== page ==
For three heady months marijuana dealers had something they could only dream of before: the stamp of approval of a federal agency.
On April 1, the U.S. Patent and Trademark Office created a new trademark category: “Processed plant matter for medicinal purposes, namely medical marijuana.” The patent office, part of the Department of Commerce, posted the new category on its website.
The change set off a land rush by pot dealers in the 14 states where laws permit medical-marijuana sales.
The patent office received more than 250 pot-related trademark applications in the three months after it created the new trademark category. There were applications for trademarks on “Tartukan Death Weed,” “Pot-N-Candy,” “Namers Nirvana” and numerous businesses incorporating “Green” and “4:20″—a number that pot smokers often associate with weed, sometimes smoking it at 4:20 p.m. and celebrating April 20 as a pro-pot holiday. Two companies applied to trademark psychoactive sodas named Keef Cola and Canna Cola.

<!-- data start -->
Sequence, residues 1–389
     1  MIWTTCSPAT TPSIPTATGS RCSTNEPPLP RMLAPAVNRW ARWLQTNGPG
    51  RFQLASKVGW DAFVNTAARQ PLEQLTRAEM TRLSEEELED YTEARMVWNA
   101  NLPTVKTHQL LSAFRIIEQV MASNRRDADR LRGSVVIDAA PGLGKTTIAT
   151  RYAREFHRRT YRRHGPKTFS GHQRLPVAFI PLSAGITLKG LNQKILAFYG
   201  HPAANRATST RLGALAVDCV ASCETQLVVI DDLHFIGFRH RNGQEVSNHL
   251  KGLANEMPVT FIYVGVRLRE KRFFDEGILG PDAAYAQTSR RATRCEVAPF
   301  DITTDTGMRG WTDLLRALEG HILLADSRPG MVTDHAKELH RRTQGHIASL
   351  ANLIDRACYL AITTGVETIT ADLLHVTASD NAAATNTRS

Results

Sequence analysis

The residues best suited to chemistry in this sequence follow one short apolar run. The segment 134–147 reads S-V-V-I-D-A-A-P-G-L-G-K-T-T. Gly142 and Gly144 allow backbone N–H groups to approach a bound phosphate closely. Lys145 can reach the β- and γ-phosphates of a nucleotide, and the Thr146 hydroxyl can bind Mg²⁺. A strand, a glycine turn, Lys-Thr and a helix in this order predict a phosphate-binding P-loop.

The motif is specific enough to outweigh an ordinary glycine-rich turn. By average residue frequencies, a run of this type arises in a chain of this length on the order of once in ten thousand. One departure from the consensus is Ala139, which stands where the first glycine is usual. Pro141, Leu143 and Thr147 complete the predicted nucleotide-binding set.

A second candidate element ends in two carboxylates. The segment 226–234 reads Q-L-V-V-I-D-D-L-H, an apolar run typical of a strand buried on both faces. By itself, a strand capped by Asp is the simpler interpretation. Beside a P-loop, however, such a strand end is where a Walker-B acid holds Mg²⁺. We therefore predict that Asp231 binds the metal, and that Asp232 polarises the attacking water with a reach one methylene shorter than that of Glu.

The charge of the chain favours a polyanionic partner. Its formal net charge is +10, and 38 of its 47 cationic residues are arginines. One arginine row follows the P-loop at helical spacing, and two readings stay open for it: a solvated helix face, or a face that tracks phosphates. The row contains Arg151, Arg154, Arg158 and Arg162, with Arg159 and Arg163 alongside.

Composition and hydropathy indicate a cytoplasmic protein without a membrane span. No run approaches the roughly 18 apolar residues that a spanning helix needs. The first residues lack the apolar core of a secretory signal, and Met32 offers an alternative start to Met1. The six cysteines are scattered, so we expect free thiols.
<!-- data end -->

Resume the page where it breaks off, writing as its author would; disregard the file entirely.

The trademark rush began to haze the mellow of pot traders. Some staked claims on rights to long-used names such as like Maui Wowie, Chronic, Purple Haze and Acapulco Gold, made famous by comedian Tommy Chong more than 30 years ago. Arguments flared over whether such long-used pot names are subject to “prior art,” meaning their use in the past precludes a trademark.
Weed entrepreneurs hired mainstream intellectual-property law firms like Knobbe Martens in Southern California and Weide & Miller (that’s right) in Las Vegas to register their weed trade names.
But last week the patent office snuffed out the promise of federal recognition. After questions about the new pot-trademark category from a Wall Street Journal reporter, a patent-office spokesman said the office planned to remove the new pot classification by week’s end, and the category is now off the website.
Marijuana dealers, their appetites whetted by the three months of hope, said they haven’t given up. Scott Ridell, a brand-development consultant for Panatella Brands, a Colorado pot-grower consortium, said his clients are still “moving forward” with branding efforts and hope the patent office will grant trademarks.
Keep smoking the weed dude, you’re in for a long wait.